What will an interest rate hike tomorrow mean for your mortgage?

Christina Hoghton
Written By:
Christina Hoghton

If the predictions of a 0.5 percentage point increase on Thursday are correct, many mortgage borrowers will see their payrate rise again

The Bank of England is widely expected to increase its base rate on Thursday, with many pundits predicting its biggest ever rise in 27 years of 0.5 percentage points.

That would take the official Bank Rate to 1.75%, up from just 0.1% at the start of December 2021.

So what will such a large rise mean for mortgage borrowers?

Big impact

For the average UK property costing £270,708, with a mortgage at 75% of the property’s value, a 0.5 percentage point hike means mortgage repayments will cost £196 per month more than in November last year, said TotallyMoney.

The credit app said that, even if the Bank raises the rate by just 0.25%, the same mortgage repayments will have risen by £144 per month since November 2021.

It added that 850,000 properties on tracker mortgages and 1.1 million on standard variable rates will see a hike within weeks.

Plus a third of borrowers with a fixed rate deal are heading for a payment shock when their current offer expires in the next two years. They will need to find a new deal at a higher rate, or face being placed on lender’s standard variable rate (SVR).

Alastair Douglas, CEO of TotallyMoney, said: “The latest interest rate hike will serve as yet another blow to the two million mortgage borrowers without a fixed-rate deal. Repayments for the average home are set to rise by £52, an increase of £196 per month since last autumn.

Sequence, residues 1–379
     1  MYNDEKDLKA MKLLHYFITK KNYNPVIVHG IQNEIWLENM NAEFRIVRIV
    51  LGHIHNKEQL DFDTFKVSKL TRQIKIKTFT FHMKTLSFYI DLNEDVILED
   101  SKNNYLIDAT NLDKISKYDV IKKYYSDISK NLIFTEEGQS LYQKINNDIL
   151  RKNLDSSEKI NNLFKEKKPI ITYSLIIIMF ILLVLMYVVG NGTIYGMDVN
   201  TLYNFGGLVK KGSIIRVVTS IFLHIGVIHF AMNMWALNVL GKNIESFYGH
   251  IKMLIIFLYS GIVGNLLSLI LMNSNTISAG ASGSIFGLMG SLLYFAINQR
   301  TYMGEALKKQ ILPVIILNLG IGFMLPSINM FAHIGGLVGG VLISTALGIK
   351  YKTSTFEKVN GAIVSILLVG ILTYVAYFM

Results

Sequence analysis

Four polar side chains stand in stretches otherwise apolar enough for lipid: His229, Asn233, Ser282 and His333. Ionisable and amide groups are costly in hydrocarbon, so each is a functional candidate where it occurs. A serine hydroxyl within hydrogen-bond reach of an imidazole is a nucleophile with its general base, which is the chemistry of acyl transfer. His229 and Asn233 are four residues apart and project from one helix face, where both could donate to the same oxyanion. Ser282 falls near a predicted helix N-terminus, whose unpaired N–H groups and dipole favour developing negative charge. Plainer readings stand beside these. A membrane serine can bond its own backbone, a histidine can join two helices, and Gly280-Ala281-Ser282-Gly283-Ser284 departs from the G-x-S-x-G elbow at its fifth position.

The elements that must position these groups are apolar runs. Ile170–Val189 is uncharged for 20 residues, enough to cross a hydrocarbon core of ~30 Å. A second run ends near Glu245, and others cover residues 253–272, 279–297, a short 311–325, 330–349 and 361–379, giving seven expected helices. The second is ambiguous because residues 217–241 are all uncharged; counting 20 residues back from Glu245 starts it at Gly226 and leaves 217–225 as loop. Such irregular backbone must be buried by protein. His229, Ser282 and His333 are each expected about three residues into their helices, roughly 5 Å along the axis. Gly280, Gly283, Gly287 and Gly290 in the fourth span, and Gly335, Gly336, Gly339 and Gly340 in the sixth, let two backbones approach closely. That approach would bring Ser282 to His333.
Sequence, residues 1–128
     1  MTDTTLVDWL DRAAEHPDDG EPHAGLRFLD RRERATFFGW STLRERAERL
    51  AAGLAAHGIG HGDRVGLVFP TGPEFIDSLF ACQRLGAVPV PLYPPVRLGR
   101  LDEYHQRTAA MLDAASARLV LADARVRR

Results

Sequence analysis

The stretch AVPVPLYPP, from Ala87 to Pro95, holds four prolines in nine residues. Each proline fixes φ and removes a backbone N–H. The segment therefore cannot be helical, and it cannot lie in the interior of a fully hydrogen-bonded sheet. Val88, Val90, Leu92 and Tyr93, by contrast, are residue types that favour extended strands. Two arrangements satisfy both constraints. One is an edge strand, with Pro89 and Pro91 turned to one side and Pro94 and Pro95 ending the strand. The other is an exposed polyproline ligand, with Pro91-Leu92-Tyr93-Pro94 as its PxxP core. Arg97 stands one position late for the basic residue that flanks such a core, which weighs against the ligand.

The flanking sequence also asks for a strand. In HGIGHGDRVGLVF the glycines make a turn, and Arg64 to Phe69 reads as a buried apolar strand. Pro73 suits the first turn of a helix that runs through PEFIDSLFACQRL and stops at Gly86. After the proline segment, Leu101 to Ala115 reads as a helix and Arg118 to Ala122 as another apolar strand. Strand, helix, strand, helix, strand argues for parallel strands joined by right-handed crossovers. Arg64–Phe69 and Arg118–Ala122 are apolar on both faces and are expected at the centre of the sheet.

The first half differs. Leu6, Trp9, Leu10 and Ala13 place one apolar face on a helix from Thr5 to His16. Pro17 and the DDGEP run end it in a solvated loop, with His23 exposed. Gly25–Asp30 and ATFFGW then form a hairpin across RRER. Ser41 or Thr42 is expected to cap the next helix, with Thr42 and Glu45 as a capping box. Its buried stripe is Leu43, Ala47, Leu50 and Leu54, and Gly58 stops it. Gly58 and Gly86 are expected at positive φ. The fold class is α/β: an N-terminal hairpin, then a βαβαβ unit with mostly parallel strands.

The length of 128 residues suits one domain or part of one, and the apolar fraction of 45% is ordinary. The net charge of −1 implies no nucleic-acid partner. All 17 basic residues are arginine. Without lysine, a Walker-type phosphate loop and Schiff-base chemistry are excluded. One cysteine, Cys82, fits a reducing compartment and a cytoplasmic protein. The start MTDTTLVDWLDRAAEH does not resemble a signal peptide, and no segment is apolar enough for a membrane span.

“What’s more, this isn’t an isolated problem. With everything ranging from phone bills to food feeding inflation, costs will continue to soar over the upcoming months, increasing pressure on household finances for millions.

“The one in three homeowners whose fixed-rate deal is soon coming to an end should start planning ahead. Not only is the SVR rising, but new deals are also getting more expensive. Either way, you’re likely to be paying more, so it’s worth looking at your options in advance.”

Andrew Hagger, personal finance expert at Moneycomms.co.uk, added: “The Monetary Policy Committee decision to hike rates for the sixth time since last December will make borrowers wince at the thought of yet higher monthly mortgage costs.

“Customers on a fixed rate will avoid immediate financial pain, but for many a triple digit increase is inevitable next time their mortgage deal comes up for renewal.”